- Use a fast shutter speed; 1/250th second plus, particularly
- To avoid camera shake in hand held photography, the
minimum recommended shutter speed is the reciprocal of the focal
length. i.e., 50mm lens requires a minimum "1/50th" second shutter
speed. This is a guide and when pushed to the limit due to
circumstance, lower speeds can be attempted.
- Don't place the the focus of your interest in the centre of
the photo. That's OK for exposure and focus. For a given camera to
subject distance, the image will remain the same size. Therefore
it makes sense to vary the camera angle to reframe and include
- For action photos, don't press the shutter when the moving
subject hits the centre of the viewfinder. Hold the camera
position and let the subject move to a point midway between centre
and frame edge.
- For action photos anticipate the probable train position a
good photo before the train arrives. This allows for
prefocus and exposure. Then its a matter to wait for the train to
hit the focus spot.
- Don't take a series of photographs as the train approaches.
All those photos will not compensate for one good photo
taken at the right time. Photo series is just excitement value.
You could also run out of film before the train/subject arrives.
How bad did you want that shot?
- Perspective of a photograph is governed by subject to camera
distance, not the focal length of the camera. Fish-eye photos and
tele lens photos all have a use and when used properly can provide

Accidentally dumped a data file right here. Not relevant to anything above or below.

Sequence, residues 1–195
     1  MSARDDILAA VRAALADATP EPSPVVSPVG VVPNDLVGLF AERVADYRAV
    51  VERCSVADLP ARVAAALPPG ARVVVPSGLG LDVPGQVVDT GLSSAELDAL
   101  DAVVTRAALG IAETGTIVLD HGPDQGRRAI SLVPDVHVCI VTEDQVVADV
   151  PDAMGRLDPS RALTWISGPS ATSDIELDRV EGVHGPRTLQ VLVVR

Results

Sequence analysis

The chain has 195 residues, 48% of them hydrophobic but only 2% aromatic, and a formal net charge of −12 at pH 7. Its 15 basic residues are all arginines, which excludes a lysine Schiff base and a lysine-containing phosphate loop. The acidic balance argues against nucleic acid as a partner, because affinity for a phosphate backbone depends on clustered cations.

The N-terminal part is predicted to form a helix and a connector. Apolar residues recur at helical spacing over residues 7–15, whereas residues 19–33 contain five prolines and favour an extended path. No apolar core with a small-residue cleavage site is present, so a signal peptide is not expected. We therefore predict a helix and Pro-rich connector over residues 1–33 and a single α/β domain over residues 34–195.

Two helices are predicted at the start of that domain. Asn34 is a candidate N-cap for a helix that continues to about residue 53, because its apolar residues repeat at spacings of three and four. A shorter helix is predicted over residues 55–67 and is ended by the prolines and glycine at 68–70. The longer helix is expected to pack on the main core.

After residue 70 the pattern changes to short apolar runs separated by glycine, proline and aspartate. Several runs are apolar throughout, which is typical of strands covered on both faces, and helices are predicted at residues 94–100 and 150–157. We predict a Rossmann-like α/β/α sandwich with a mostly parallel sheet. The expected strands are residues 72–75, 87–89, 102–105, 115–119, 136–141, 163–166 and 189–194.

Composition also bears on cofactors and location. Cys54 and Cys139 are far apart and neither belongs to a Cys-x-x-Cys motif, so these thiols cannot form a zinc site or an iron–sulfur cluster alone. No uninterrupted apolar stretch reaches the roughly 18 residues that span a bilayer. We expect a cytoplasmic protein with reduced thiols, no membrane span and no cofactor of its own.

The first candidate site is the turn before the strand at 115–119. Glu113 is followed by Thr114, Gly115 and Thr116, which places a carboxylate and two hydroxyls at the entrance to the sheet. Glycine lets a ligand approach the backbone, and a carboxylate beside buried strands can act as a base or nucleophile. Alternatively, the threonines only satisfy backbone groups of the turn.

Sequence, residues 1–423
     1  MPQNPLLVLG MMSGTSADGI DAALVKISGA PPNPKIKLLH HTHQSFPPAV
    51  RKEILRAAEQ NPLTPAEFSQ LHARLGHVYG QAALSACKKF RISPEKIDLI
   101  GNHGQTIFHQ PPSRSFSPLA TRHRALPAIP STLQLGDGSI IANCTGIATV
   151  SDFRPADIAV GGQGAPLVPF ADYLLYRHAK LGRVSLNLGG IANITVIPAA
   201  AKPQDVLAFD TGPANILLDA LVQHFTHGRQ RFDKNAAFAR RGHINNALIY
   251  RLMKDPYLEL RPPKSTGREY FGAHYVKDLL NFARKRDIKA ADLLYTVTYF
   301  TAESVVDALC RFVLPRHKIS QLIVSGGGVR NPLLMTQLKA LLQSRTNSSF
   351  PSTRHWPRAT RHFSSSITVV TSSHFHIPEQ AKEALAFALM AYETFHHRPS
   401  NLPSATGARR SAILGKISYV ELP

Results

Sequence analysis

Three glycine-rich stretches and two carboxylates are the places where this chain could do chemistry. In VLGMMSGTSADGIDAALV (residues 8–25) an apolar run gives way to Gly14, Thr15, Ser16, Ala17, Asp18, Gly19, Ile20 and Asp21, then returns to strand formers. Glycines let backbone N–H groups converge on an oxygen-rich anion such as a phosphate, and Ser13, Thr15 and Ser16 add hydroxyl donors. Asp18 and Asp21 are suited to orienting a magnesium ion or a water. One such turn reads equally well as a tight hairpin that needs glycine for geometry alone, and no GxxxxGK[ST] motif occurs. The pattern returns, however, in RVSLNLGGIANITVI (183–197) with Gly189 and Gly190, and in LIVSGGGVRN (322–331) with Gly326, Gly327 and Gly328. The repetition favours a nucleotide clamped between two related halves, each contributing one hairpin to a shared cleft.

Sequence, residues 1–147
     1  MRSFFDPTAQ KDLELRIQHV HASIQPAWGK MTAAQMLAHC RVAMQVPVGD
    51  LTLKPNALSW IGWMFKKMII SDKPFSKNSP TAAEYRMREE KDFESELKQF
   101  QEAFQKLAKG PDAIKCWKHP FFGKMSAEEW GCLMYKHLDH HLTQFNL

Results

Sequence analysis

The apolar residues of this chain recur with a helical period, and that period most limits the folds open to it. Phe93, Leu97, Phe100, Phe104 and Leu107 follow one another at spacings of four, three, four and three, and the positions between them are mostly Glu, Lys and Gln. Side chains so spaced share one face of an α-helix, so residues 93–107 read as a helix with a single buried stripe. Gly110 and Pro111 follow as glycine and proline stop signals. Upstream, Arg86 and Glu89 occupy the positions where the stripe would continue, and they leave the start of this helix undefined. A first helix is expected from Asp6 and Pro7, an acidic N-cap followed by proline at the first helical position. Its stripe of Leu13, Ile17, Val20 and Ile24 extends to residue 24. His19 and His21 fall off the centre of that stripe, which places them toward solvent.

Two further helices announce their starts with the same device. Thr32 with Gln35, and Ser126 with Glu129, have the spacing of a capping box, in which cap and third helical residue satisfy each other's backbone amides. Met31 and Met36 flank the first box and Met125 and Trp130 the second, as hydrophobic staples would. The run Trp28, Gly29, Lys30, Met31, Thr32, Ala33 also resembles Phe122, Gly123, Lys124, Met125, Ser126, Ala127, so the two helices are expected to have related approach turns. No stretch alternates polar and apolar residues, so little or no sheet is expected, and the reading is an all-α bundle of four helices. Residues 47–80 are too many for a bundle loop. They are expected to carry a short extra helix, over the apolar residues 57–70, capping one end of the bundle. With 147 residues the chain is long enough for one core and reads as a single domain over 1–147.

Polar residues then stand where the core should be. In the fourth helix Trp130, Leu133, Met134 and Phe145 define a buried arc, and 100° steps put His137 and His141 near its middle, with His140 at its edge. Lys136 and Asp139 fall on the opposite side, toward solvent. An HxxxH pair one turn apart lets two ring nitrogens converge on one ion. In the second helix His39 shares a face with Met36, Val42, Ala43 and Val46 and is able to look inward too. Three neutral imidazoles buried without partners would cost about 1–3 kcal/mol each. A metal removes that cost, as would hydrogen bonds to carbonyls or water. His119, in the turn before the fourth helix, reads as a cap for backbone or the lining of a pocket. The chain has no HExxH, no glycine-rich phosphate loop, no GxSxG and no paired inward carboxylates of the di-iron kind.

a range of photos not otherwise possible.
- Ignore trying to look and enjoy the unfolding event. This is
done through the camera to determine best photo moments. The
enjoyment will come years later looking at the well composed
- Prepare - plenty of supplies spare batteries/film/memory.
Always have a brush and cleaning cloth
- Have a plan - Many unexpected photo opportunities will
undoubtedly arise. While one can anticipate all unfolding events,
some set photo framing techniques may make the difference between
'no photo' and a 'good shot'
- NEVER APOLOGISE - if you are compelled to apologise it
clearly shows you know how bad they are, which also shows you
could do better. Obviously the photos you show are the best you
could achieve under the circumstances. If you have to apologise,
DON'T SHOW THEM !
Record, Grab and Detail
- Fill the frame
- If the identity of a numbered object is not easily
discernable, take a closeup of the number.
- Organise a standard photo routine to capture maximum
action/detail with the minimum number of photos.
- Include landmarks in photos to identify locations with the
subject: train/building/skyline. Often a unique event does not
look unique because there are no landmarks shown.
- Take a series of photos tell a story
- If you can't remember that you have taken a shot previously,
take another one. Two is always better than NONE
- Record the people operating the equipment.
- Equipment that moves has several actions. Photograph
EVERY action, preferably as a series. Why try and explain
what you saw when a couple more photos would clearly show it.
- What is here today is gone tomorrow. Everything you see today
will disappear. I'd rather you show me the photo of what you saw
than hear you say "Gee I saw that but...".
- Regrets - while it is not possible (at least not yet) to rewind time, the
only regret should be when the opportunity was available but no photo was
taken. That is, the subject was there, the observer had film, time and access
but did not take advantage of the opportunity.
The above comments are made after having photographed for 40 years and
are my own opinion. In that time some 120,000 35mm and 6x6 photographs have
been taken on both B&W and colour slide/negative. As for digital some 40,00
images have been recorded in 24 months, with about half those being saved. This
action 'burnt out' one camera and 'another ones on the way(out)'.
Peter J. Vincent, August 2004